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Aiako Harria: nature in all its glory

If you are a nature lover and enjoy hiking, you are in luck. Gipuzkoa is one of the greenest Basque provinces, and one place you cannot miss on your visit is the Aiako Harria Natural Park. Every year, more than 17,500 people visit the park and are overawed by the impressive landscape.

Aiako Harria Natural Park

The Aiako Harria Natural Park is divided into three zones: the oak and beech woods that surround the famous Añarbe reservoir, the characteristic rocks that form the peaks, and the Aitzondo and Endara streams. The geological landforms are some of the oldest in the Basque Country, and the woods are home to a wide variety of flora and fauna that delight hikers in the area.

The Aiako Harria Natural Park covers almost 7,000 hectares and boasts 3 peaks of over 800 metres: Irumugarrieta, Txurrumurru and Erroilbide. All three are granite peaks formed by some of the most ancient elements to be found in the country. The area has a spectacular natural beauty which makes it ideal for hiking. Between Mount Urdaburu and the banks of the Añarbe reservoir, you will find leafy, almost jungle-like, woods that are prime for exploring and enjoying nature in all its splendour. You will discover many rugged gorges and steep cliffs typical of the landscape in the Aiako Harria Natural Park.

If you love animals, keep an eye out for European mink and the semi-aquatic, mole-like desman close to the streams. The rivers are teeming with salmon. If you are very lucky, you may even catch a glimpse of a peregrine falcon or a griffon vulture.



The most popular way to get to the peaks of Aiako Harria is on foot on the Pikogarate Bidea trail, from Irún to Oiartzun, although cycling the route is becoming increasingly popular.

The history of Aiako Harria

Peñas Aia

Horse grazes on Mount Aiako Harriak

300 million years ago, in the Paleozoic Era, a mass of magma formed underground. Over time, this mass turned to granite, and after several tectonic movements and other external erosion prosesses caused by the wind and water, the current massif of Aiako Harria was formed. All throughout the area we can find minerals such as goethite and siderite, both of which are essential for iron production.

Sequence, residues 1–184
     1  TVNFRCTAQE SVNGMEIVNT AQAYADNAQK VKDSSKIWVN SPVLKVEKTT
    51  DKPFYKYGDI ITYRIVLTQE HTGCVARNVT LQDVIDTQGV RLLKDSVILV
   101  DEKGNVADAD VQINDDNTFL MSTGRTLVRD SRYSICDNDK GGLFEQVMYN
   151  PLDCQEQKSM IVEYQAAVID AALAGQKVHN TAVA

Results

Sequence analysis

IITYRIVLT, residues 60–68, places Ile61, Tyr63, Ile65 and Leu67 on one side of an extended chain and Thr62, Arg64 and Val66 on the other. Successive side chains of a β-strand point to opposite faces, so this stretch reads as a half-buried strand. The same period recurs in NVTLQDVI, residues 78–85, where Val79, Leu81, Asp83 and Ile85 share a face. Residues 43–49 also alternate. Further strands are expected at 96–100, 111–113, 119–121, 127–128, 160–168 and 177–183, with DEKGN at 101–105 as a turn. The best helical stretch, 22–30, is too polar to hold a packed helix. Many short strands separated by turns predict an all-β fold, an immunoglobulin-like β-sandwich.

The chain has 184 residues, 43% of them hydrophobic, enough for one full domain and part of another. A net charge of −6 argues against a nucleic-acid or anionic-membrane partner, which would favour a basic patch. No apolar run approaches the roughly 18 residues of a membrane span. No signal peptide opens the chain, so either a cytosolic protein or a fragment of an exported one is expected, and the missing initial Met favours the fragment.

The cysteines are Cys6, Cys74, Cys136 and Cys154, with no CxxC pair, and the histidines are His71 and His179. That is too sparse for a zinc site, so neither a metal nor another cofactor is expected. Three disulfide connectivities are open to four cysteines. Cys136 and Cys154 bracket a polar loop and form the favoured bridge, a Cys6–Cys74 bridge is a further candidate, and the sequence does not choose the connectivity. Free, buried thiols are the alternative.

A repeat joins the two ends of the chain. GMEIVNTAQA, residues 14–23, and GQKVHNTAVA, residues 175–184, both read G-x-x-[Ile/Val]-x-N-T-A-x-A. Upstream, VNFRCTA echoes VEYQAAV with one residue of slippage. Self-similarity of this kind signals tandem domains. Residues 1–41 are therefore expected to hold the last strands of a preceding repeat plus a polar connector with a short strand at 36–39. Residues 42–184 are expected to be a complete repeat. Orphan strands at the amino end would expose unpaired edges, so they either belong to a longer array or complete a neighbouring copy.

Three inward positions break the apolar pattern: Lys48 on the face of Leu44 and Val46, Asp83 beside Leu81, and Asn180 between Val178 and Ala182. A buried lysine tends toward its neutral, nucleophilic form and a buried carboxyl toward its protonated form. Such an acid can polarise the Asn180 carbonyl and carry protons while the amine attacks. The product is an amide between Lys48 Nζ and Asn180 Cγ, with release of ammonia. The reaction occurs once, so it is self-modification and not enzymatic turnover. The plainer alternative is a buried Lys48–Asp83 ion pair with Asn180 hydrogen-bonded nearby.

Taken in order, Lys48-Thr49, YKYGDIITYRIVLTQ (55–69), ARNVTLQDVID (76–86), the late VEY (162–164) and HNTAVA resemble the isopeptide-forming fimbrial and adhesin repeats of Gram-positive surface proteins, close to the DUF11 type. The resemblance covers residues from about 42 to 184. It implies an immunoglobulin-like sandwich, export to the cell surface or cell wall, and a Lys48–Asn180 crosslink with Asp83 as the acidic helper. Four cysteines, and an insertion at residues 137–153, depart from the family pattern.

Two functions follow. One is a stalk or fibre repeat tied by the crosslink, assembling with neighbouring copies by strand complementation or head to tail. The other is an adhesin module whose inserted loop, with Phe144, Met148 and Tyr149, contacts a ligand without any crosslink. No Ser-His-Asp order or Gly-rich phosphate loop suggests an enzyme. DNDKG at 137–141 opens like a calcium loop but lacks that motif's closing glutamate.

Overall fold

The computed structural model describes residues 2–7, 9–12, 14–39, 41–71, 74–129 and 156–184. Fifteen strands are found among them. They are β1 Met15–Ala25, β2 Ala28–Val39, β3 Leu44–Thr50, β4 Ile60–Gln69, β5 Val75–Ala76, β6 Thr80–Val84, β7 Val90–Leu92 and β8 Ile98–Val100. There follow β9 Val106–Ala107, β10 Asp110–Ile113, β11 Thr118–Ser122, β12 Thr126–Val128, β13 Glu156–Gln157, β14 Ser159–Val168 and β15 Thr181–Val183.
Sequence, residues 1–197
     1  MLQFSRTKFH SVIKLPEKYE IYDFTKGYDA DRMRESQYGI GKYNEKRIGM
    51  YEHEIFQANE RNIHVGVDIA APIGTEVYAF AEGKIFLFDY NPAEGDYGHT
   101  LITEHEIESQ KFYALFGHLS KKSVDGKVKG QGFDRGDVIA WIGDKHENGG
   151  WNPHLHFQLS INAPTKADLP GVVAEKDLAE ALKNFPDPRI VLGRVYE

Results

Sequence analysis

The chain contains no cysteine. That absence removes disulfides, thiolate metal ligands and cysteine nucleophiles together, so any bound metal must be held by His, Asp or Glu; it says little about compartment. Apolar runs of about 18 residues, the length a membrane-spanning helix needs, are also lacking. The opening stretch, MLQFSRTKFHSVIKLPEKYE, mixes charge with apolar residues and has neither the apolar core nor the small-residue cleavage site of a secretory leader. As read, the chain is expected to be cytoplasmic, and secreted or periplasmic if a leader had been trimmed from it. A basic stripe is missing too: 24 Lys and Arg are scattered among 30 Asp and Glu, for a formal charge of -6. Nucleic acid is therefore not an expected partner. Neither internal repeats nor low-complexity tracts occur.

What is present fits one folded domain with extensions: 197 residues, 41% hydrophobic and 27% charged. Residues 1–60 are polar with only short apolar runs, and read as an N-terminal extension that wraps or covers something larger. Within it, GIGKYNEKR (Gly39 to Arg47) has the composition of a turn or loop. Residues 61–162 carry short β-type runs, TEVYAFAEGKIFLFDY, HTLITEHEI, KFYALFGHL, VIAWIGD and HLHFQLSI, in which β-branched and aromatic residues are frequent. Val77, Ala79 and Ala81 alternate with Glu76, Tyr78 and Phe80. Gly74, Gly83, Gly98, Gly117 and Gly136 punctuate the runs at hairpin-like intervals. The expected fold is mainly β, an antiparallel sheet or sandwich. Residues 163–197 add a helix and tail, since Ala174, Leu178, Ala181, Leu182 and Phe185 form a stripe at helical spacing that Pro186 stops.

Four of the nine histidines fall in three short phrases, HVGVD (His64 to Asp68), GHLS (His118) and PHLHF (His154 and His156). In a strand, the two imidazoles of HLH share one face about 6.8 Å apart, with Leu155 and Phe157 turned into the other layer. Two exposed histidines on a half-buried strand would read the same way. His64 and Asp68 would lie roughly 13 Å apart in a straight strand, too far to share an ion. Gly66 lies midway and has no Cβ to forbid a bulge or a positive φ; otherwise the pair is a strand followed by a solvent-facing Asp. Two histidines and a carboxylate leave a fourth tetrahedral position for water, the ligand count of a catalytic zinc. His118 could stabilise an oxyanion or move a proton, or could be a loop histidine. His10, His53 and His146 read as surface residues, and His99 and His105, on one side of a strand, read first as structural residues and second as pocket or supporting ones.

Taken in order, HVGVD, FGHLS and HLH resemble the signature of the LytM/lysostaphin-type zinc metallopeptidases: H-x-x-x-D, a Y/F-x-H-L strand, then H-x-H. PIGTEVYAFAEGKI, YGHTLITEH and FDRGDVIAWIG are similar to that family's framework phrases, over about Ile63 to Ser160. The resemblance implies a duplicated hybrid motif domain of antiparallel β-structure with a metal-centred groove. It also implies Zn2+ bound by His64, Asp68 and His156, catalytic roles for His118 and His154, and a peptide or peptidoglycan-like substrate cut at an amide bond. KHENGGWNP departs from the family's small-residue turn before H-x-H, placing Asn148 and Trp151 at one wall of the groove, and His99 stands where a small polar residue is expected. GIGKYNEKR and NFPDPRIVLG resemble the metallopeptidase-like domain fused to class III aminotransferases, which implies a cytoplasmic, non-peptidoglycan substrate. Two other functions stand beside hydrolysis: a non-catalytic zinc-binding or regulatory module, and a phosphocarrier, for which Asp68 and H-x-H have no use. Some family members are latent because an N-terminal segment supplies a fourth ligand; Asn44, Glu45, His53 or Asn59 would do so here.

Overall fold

Arditurri: mining tradition

Visiting the old mining complex of Arditurri in the Aiako Harria Natural Park is a unique experience. You’ll travel back in time to see how the miners used to work in the old days. It’s a great day out for all the family. There are also guided tours available to provide more details about the conditions in the mine and how people lived in the local area.

But there’s even more to see than that. The park also boasts many cromlechs, like those of Oianleku, burial mounds and dolmens which stem from a long-forgotten past. There are many networks of galleries and ancient tunnels.

In the 1960s, an open-cast mine was created to extract the minerals from the Santa Bárbara and Otsamentegi seam. Large piles of waste stone gradually built up around it, forming a singular landscape.

The best way to learn about the story of the Aiako Harria Natural Park is by visiting the Parketxe Interpretation Centre, in Arditurri. The centre provides a wealth of information about the flora and fauna in the area, as well as the quality of the deposits.

Where to eat in Aiako Harria

You’ll want to charge your batteries mid-trek, so head to one of the restaurants in Aiako Harria Natural Park for some wholesome Basque cooking. A favourite restaurante is Pikoketa. Aesthetically it resembles a typical roadside restaurant, and it serves flavourful no-nonsense homemade food. It is situated deep in the natural park, so it’s a great point to stop for a break. Order the famous bean casserole. You’ll eat like a king without having to dig deep. The friendly service, the beautiful natural surroundings and the clean, fresh air on the terrace make eating at this restaurant an amazing experience.

A night in the woods

The park is popular with hikers, and many decide to take a few days to explore it. The natural environment is of great ecological value and all five senses come into play as you explore the park’s majestic landscape.

To fully disconnect from the hustle and bustle, why not stay for a night or two in the Oiartzun municipal hostal, where you will meet other mountaineers and enjoy the peace and quiet of the woods. If you prefer a little more luxury, book a room at the Eizaguirre country house in the foothills of Aiako Harria.

If you are looking for a short break or longer holiday surrounded by nature, a visit to the natural park and peaks of Aiako Harria is a must. They are gradually becoming a major pull for tourists in search of pure mountain air and healthy exercise. You will have the chance to learn about a little-known side of Gipuzkoa – its awe-inspiring mountains. They are too enchanting to miss.

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